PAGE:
As we continue through the book of Esther, we came to what is arguably the high-water mark of the book. As the drama climaxes in the ultimate demise of Haman and vindication for Esther and Mordecai. While the story is quite compelling, we learn a lot about ourselves and our need for humility in this text.
The main idea of the sermon on Sunday was God will humble the proud and punish the wicked.
Esther’s Obedience: 5:1-8
The story picks up after Esther and the people had fasted for three days. It’s hard to imagine there wasn’t legitimate fear running through Esther as she went into the king’s court. But fear or not, Esther was obedient. The truth is, fear is never an acceptable or reasonable excuse for disobedience.
Haman’s Pride: 5:9-13
The author then turns the attention of the reader to Haman. Haman leaves the banquet with Esther and the king on cloud nine, only to see Mordecai and instantly move to a place of wrath. How do you move to wrath that quickly? As Crawford Loritts says, “unresolved anger leads to disproportionate thinking.” Haman’s anger is rooted in his pride, which is often the case for us as well. As the story proceeds, Haman schemes a plan to have Mordecai hanged, before heading to a second banquet with the king and Esther. His pride will be his downfall.
Pride’s Humiliation: 6:1-13
The story then moves to the king that night, who is unable to sleep. He asks for the book of memorable deeds to be read to him, which he discovers that Mordecai had not been rewarded for halting the assassination of the king. Clearly this is God at work! Haman comes into the king’s court to speak with him about having Mordecai hanged, but the king wants to know how he can honor Mordecai. The king asks Mordecai how should we honor a man the king wishes to bestow honor upon. Because his pride has blinded his ability to see that someone besides himself could be honored, he thinks up a great way to honor himself. Except the king then tells him to go and do all of this for Mordecai. Simply put, as high as your pride will take you is as low as your humiliation will plunge you.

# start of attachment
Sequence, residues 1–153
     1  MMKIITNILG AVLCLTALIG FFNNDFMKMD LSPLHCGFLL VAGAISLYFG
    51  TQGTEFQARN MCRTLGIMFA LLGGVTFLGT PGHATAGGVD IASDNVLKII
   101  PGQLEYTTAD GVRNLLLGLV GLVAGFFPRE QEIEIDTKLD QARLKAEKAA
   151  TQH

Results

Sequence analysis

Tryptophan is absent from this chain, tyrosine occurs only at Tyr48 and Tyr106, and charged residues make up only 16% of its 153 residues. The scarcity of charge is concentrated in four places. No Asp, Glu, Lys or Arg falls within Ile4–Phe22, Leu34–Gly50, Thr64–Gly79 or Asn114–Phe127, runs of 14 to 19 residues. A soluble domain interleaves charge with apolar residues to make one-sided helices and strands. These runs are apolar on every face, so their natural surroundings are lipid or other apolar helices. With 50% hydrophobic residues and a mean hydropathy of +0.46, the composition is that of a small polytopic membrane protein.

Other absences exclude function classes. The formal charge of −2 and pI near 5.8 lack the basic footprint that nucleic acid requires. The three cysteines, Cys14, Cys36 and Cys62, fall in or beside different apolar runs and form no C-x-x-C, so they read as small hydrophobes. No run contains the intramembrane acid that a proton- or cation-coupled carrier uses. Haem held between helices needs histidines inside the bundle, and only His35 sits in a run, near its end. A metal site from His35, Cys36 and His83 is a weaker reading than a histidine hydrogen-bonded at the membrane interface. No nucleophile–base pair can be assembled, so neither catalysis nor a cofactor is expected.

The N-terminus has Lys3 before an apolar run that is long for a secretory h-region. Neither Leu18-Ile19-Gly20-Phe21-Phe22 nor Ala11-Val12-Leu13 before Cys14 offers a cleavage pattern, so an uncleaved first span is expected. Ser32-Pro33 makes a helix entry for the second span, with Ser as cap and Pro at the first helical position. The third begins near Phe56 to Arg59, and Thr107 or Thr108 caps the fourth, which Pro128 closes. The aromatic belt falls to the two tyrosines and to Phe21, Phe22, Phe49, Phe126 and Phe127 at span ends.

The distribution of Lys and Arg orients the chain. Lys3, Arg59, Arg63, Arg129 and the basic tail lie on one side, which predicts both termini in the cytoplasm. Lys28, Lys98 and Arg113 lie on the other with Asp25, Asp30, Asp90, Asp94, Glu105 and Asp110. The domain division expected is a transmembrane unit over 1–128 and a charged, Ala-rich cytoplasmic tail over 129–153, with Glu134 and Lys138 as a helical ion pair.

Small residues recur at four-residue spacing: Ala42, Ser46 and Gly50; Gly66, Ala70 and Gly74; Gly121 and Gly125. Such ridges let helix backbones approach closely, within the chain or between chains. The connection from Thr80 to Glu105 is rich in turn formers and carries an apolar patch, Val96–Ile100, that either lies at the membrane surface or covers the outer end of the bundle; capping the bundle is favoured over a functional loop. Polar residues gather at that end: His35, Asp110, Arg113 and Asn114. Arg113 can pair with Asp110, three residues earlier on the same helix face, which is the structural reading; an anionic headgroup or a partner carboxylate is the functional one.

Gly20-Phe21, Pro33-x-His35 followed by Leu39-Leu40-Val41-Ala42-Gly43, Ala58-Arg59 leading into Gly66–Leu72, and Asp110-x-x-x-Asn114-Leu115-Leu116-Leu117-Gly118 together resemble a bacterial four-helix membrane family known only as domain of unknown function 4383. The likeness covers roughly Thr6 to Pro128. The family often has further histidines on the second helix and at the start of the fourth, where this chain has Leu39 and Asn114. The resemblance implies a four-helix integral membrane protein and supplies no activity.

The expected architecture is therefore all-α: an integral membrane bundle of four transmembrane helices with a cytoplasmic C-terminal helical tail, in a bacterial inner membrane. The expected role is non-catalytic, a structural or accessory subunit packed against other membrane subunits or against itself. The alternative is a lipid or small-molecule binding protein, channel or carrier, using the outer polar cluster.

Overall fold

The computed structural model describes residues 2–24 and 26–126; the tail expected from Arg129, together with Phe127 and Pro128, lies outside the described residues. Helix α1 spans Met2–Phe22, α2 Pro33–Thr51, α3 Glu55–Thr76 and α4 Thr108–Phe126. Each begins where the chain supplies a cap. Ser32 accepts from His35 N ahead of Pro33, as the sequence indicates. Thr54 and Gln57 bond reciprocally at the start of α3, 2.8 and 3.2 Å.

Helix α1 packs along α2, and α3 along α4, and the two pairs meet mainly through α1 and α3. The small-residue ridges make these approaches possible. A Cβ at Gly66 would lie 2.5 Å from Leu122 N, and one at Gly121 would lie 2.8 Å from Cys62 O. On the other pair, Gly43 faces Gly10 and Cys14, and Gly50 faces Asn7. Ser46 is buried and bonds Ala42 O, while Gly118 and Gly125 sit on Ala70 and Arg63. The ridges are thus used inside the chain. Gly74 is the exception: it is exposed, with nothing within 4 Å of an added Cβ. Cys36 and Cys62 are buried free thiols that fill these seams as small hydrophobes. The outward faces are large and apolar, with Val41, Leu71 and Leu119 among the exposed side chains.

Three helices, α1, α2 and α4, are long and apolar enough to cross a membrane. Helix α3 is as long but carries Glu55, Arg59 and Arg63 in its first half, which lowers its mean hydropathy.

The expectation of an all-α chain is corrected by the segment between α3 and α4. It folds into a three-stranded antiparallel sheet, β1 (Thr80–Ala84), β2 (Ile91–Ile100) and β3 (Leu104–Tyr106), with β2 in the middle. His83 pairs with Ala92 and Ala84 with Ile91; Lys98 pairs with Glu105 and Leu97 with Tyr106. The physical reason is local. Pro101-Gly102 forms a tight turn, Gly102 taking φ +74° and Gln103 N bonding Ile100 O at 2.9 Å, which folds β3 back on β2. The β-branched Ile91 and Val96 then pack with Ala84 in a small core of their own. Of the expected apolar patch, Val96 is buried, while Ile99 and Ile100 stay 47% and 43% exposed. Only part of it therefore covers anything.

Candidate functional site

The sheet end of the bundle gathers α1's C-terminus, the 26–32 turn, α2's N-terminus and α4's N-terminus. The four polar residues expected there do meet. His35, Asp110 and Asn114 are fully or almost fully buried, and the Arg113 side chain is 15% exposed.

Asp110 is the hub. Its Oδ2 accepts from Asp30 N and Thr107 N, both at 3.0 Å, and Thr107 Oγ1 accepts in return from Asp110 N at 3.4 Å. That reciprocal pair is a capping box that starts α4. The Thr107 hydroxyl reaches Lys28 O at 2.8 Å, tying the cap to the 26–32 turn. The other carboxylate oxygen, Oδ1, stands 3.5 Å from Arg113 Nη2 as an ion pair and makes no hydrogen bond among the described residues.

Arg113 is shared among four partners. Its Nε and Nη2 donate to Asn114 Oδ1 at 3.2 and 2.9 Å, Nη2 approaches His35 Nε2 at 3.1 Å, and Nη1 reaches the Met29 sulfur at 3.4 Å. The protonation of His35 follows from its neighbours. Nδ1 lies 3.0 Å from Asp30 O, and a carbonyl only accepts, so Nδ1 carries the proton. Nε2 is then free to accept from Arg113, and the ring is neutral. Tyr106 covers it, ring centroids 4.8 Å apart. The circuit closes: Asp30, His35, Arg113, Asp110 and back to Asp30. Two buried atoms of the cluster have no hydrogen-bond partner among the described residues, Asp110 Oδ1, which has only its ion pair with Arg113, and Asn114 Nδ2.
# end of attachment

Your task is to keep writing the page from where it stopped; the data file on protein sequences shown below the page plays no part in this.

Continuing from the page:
God’s Judgment of the Wicked: 6:14-7:10
Things move quickly and Haman is exposed at the banquet. It is determined that he is to be hanged on the gallows that were meant for Mordecai.
God’s Judgment is Just, Fair and Perfect: What is seen in this account is God’s judgment is just, fair and perfect. Haman got exactly what he deserved. In God’s economy, no one gets away with anything. Evil will reap what it has sown.
God’s Timing in Judgment is Perfect: We also see that God’s timing is perfect. God won’t show up late, but He also won’t show up early. It will happen right on time.
Principles from the Text:
God will Deal with Pride: God dealt with the pride of Haman, and he will deal with your pride and mine. In short, you and I will become humble people. This will happen by us choosing this or by God imposing His will upon us.
What is Used Against You, God will Use For You: In a redemptive way that only God can, He will take what is meant to harm us, and use it for our well-being and His glory. God took a situation that was meant to destroy Mordecai and the Jews, and used it to make much of Himself and for Mordecai and Esther’s good. You may have something in your life that its intent is to harm you. You don’t need to know how God will use it for you, but it’s important that you trust Him that He will use it for you.
God’s Timing is Perfect in All Things: Sometimes it’s hard to see how God is going to work out a situation or a scenario, but we must trust that His timing is perfect in all things.